Malaysian airline sues its officials for negligence

Malaysian Airline System Bhd. on Wednesday sued its ex-chairman and two other former officials for alleged negligence that triggered large losses. The airline said it was seeking 174.6 million ringgit (US$45.9 million) in damages from former company chairman Tajudin Ramli, as well as Ralph Manfred Gotz, the ex-vice president of its cargo division, and Uwe Juergen Beck, a former consultant.

The alleged losses are connected to the company's cargo operations in Hahn Airport, Germany, between March 1999 and July 2001, the airline said in a suit filed at Malaysia's High Court.

Separately, the flagship carrier said it has put off plans to fly to five new destinations in China and India amid efforts to consolidate its network, according to the AP.

Flight frequencies will instead be increased starting Oct. 30 between Kuala Lumpur and locations including New Delhi and Xiamen, China, the company said in a statement. Bigger planes will be used for flights to Perth, Australia, and Auckland, New Zealand.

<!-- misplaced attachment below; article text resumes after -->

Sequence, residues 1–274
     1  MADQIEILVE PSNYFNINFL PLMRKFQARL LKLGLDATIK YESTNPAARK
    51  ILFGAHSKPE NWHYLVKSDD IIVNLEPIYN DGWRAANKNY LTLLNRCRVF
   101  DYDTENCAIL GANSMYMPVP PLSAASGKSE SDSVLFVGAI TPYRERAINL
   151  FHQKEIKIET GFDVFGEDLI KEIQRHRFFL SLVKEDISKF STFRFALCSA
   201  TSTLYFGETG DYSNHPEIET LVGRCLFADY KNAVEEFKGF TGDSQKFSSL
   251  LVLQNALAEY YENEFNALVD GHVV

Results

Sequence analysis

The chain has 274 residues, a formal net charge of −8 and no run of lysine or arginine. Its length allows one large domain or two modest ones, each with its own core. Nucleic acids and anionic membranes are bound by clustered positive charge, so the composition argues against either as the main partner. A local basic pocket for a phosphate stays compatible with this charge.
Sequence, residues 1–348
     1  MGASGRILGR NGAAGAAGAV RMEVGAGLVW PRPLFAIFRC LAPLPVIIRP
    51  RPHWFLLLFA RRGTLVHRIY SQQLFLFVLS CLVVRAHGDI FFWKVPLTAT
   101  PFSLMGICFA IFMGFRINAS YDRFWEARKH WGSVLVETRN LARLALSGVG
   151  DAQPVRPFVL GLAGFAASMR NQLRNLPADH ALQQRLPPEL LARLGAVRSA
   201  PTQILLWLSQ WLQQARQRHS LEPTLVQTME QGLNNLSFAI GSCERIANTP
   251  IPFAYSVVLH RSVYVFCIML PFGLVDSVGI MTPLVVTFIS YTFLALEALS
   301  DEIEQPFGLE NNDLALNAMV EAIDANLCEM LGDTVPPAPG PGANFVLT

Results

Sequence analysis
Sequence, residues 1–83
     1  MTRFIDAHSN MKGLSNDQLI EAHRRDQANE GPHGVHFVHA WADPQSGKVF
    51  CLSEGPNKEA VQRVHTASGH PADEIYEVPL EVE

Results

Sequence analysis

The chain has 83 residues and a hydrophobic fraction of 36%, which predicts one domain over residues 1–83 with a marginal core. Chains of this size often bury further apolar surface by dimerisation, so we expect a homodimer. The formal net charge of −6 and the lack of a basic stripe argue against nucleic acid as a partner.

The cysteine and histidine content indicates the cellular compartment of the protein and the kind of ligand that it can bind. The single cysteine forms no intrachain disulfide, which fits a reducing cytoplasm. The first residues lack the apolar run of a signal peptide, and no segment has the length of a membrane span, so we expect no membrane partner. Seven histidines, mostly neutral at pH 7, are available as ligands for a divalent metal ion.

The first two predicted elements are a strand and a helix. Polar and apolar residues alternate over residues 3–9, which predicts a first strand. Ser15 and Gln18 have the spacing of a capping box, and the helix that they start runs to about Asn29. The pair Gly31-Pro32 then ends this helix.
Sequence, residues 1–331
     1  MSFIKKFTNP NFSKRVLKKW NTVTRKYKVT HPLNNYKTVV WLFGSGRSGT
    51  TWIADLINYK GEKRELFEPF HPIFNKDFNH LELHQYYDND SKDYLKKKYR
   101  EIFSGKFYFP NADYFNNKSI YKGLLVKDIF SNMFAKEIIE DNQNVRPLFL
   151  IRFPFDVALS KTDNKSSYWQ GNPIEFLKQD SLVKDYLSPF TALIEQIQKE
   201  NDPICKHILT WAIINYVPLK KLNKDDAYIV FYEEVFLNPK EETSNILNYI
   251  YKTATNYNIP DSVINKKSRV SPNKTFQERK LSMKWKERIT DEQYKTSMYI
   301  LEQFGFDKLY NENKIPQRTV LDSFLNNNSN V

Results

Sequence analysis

"Services to new destinations such as Amritsar, Cochin, Fuzhou, Guilin and Shenzen will be deferred indefinitely as part of the national airline's efforts to contain its cost growth and improve performance," the statement said.

The measures come as the airline struggles to return to profit after a loss of 280.7 million ringgit (US$73.9 million; Ђ61.5 million) in the April-June quarter, mainly due to high fuel costs.

"Malaysian Airline continues to monitor and evaluate its operations, and will further realign and consolidate its services to complement traffic demand," the airline's statement said.

Company officials could not immediately say if the airline plans to cut unprofitable routes.


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